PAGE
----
In the previous articles on dFM, we covered the basic concepts and how to determine the basic factors. This posting explains a simple process for building a matrix from these factors that will allow you to "cost" a scenario. A "scenario" is an option for building and architecting a software application. We then score this scenario using a score-card (described here), to compare the various scenarios.
This is a common weighted scoring system for decision support. Its not a perfect system; the subjective weighting are controlled to a degree by a democratic voting system, but a single factor could still play an unfair pivotal role in a final score for a potential scenario. This technique is shown to spark some ideas, not as a prescriptive technique.
Step 1 - Brainstorm a set of factors that influence - cost, time, performance, security, and reliability.
Step 2 - Group similar factors under a topic heading
Many of the brainstormed factors can and should be measured by one metric. An example might be the number of web servers, and the number of database servers. This can be joined under the single topic heading "Number of Servers Required"
Step 3 - Build the "Scoring Matrix" for each group.
The complexity in this step takes an absolute measurement and maps it to a simple 1 to 5 score. All measures should be 1 being lowest "cost, effort, time, best performance, most secure, most reliable" and 5 being the opposite direction.
(These are just very simple samples. The list and scores are completely fabricated in this picture)
Step 4 - Determine the factor weightings (what is more important than what)
I have three basic approaches for this -
a) You just decide relative importance and allocate weightings subjectively! Great if you can get away with it, but the intention of Design for Manufacturing is to find the "best" design from a balanced set of design objectives. If we just designed software for ease of development, we may not fully consider the operational aspects and the cost of ownership over time.
b) Paired Options (or Pairwise comparison): Get the group of people representing different domains of expertise (operations, development, business, marketing, sales) together again and have them vote A versus B, A versus C, etc. to determine what is more "important" to that person. Take an average measure of the room (more think A is more important than B). Total up the number of votes for each factor, and determine what percentage that total is of the entire selection. % weight = (count / total pairs (15) ) * 100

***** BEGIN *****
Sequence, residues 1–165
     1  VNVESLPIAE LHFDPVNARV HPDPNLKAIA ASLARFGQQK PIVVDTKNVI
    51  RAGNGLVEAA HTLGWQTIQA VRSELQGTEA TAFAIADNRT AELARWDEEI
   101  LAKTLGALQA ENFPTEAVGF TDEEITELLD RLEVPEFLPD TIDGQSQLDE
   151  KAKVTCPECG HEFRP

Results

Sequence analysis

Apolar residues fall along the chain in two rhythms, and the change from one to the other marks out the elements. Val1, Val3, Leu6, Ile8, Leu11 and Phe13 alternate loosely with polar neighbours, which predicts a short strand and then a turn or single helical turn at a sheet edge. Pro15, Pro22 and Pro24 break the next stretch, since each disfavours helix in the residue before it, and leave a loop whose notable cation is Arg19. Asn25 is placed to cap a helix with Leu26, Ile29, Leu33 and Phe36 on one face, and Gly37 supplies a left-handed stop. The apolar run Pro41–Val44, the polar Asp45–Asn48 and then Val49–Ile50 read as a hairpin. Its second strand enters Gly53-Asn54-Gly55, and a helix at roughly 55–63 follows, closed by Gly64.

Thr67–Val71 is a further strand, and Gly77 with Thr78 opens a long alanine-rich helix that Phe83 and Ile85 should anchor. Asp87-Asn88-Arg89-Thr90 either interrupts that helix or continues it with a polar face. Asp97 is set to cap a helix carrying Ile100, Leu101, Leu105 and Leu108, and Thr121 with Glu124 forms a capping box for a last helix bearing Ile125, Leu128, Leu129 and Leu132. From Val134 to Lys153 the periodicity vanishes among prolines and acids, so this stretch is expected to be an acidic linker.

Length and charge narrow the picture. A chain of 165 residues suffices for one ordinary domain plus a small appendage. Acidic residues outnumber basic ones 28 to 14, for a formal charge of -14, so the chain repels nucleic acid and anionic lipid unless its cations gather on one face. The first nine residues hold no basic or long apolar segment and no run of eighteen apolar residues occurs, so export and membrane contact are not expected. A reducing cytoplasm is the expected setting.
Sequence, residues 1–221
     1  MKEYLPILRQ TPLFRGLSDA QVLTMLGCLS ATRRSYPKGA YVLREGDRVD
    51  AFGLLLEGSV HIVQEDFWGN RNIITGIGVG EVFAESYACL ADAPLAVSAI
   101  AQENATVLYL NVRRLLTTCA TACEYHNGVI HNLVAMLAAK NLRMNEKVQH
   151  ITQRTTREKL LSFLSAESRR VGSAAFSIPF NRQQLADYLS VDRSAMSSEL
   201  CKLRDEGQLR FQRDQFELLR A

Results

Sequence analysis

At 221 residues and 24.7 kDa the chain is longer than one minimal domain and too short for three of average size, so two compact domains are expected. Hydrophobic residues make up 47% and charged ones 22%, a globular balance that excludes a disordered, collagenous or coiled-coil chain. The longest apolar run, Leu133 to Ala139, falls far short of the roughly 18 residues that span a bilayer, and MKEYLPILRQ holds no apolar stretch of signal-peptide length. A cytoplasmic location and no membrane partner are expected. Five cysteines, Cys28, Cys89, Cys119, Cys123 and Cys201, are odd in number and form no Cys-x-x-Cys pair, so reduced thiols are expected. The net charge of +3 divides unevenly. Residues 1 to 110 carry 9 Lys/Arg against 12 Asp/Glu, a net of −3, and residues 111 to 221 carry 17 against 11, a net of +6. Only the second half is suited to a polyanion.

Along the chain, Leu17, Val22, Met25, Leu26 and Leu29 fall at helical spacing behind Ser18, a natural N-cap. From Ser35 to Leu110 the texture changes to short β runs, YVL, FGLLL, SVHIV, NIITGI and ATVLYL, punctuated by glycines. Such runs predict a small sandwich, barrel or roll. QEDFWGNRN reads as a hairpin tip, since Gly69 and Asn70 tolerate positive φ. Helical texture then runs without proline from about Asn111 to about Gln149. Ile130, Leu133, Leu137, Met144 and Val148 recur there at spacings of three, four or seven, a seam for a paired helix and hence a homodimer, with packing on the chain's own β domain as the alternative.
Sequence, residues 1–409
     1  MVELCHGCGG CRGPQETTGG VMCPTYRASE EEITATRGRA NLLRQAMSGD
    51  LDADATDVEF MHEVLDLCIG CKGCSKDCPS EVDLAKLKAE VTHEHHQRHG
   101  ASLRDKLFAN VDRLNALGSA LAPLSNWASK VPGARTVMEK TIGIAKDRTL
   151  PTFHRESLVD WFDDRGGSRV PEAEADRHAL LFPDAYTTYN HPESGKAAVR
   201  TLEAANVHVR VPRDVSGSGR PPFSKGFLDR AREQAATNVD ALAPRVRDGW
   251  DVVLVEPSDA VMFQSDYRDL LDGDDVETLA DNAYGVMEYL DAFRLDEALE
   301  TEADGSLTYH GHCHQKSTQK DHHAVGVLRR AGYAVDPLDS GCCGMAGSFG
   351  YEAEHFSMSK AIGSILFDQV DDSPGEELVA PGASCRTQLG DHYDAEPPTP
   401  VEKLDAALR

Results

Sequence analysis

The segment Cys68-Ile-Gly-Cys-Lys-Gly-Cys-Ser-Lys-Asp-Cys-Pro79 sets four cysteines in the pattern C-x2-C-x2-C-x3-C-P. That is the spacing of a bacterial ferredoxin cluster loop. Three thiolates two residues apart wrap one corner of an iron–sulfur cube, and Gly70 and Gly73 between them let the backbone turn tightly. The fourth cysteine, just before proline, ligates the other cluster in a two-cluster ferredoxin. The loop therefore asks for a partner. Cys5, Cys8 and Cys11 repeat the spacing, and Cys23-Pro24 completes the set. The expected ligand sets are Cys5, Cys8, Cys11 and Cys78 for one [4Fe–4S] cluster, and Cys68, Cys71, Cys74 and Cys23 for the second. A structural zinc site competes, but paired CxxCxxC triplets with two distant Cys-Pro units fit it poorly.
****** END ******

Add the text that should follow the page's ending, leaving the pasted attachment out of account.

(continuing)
c) * my preferred* Stack ranking: Get each representative from each domain specialist (operations, developers, business, storage, etc) to stack rank the factors, most important to least important. This will uncover and account for individual biases. It is my preferred method because it also allows people to say "No Impact" for a specific factor on a "perspective" of the factor. Total up the relative ascending score (assign 1 to the lowest row that was a factor, and 2 to the next one up, and so on) and determine what percentage that score is of the total points available. This will look something like this -
Consider doing this for more than one perspective. E.g. As far as Cost, how would you rank importance. As far as time to market, how would you order these factors. What you are looking for is a way to mathematically represent that one factor has a much higher impact on a desired delivery "factor". Some axis of ranking might be:
1. Capital expenditure - Upfront cost
2. Operational Expenditure - Ongoing costs
3. Time to market - How quickly can it initially be developed
4. Performance - hitting agreed service and performance levels
5. Security - what factors make a system more secure
6. Reliability and Stability - what factors make a system able to handle failure more gracefully)
Whatever method you employ, the outcome needs to be a table of the factors, and a weighting multiplier, E.g.
Number of Servers Required - 24%
Bandwidth - 20.6%
Searches / sec - 10.3%
Number of Deployment Items - 17.2%
Number of Third Party Components - 13.7%
Number of Features - 13.7%
Step 5 - Score a Scenario and Multiply By Weights
Break out excel. Use the scoring sheet from Step 3 to score a scenario. Multiply each score by the weights determined in Step 4. Total all of the weighted scores. Do this for other scenarios to compare.
In the next installment of this article series, i'll demonstrate this basic technique with some real examples and prepare a final spreadsheet template you might find useful in doing your own option analysis.